While training (Variational)-Autoencoder networks, I came along the paper by Higgins et al. "DARLA" where she stated:

The shortcomings of calculating the log-likelihood term [...] on a per-pixel basis are known and have been addressed in the past by calculating the reconstruction cost in an abstract, high-level feature space given by another neural network model, such as a GAN [..] or a pre-trained AlexNet [...]

Since there is no statement regarding why it is better to use feature-space instead of pixel-space, I am wondering why the results become better in the first case. I assume that since the per-pixel loss encourages the whole image to be trained correctly, a feature based loss can only fetch the perceptual similarity. Therefore, the per-pxel loss should always result in better outputs, or is there any important influence by the regularizer which I am missing?


Pixel space is fine for exact reconstructions, but suppose your decoder outputs the right answer, shifted over by a couple pixels. This will have a terrible loss in pixel space, but might be fine in feature space. This can result in the network being too conservative in some cases. For many applications, this makes "perceptual" losses superior, when exact reconstruction matters less than perceptual quality.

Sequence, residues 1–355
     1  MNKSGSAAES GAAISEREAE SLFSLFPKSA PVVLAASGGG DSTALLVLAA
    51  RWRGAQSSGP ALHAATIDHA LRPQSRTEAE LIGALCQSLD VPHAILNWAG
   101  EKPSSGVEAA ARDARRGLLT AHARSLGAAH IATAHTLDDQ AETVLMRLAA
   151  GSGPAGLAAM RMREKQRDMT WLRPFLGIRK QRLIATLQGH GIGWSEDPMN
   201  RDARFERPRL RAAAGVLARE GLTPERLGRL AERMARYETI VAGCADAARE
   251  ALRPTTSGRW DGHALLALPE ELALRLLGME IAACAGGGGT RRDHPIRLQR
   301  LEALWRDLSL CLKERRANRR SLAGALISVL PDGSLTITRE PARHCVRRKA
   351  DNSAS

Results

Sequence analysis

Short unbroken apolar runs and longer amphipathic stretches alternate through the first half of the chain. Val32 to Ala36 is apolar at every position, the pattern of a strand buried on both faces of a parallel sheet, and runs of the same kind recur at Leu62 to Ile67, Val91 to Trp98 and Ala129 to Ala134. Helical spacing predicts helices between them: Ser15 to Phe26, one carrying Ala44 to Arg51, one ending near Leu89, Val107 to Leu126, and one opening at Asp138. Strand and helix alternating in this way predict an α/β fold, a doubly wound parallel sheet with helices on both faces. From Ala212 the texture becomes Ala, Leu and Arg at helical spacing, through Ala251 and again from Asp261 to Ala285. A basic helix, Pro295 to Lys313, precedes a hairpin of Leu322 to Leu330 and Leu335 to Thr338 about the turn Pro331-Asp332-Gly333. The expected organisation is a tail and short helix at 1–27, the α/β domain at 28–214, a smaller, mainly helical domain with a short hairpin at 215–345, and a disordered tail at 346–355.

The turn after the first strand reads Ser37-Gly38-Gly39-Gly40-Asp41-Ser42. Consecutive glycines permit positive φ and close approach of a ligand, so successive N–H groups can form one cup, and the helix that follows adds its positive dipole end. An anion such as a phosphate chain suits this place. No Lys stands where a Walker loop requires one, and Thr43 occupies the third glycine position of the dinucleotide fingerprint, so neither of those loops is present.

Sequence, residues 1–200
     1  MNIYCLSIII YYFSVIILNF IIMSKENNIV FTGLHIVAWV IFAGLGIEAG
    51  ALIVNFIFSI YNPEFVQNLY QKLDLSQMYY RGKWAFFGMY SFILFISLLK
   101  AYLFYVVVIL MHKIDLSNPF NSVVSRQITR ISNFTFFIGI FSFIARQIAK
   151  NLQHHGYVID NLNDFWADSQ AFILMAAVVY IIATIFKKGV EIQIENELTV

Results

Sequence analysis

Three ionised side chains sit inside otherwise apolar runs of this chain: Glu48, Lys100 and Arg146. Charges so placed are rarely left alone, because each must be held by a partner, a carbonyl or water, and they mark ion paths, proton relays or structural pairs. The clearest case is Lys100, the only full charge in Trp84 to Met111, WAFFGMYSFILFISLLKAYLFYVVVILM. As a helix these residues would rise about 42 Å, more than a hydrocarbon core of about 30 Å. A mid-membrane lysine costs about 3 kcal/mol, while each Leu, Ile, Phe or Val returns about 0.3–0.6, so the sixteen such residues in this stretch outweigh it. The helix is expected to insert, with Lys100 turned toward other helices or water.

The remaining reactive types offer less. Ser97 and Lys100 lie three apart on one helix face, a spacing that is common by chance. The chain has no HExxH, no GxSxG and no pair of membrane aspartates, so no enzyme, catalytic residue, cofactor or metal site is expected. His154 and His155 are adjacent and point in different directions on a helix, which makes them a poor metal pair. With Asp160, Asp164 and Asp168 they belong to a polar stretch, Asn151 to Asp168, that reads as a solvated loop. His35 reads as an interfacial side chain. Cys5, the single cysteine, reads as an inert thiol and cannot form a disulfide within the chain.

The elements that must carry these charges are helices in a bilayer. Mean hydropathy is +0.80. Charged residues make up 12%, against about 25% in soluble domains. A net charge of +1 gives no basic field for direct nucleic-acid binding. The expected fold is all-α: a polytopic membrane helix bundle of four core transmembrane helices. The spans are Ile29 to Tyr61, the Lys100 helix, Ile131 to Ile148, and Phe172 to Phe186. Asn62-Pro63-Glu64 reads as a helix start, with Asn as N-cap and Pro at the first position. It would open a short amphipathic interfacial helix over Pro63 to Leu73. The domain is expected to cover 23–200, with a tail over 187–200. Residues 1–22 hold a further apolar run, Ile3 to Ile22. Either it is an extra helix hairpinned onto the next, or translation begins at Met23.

It also implicitly confers a Gaussian noise assumption, resulting in blurry outputs (as in VAEs) in pixel space, whereas "blurriness" in feature space may well still be nice and sharp in pixel space (depending on the manifold defined by the feature space of course).

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  • $\begingroup$ But do perceptual losses still optimize the evidence lower bound, or is the introduction of these kinds of reconstructions a heuristic approach? There are nice approaches like VAEGAN or other publications by Sonderby which catch your answer, but do you have some good readings for your statement? $\endgroup$ – Tik0 Apr 4 '19 at 6:11
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    $\begingroup$ @Tik0 Well... it still optimizes an ELBO, although not the same one. The generative likelihood model $\log p(x|z)$ has simply changed. For references, I don't know of a specific one. Maybe Dosovitskiy and Brox Generating Images with Perceptual Similarity Metrics based on Deep Networks is relevant. $\endgroup$ – user3658307 Apr 4 '19 at 12:53

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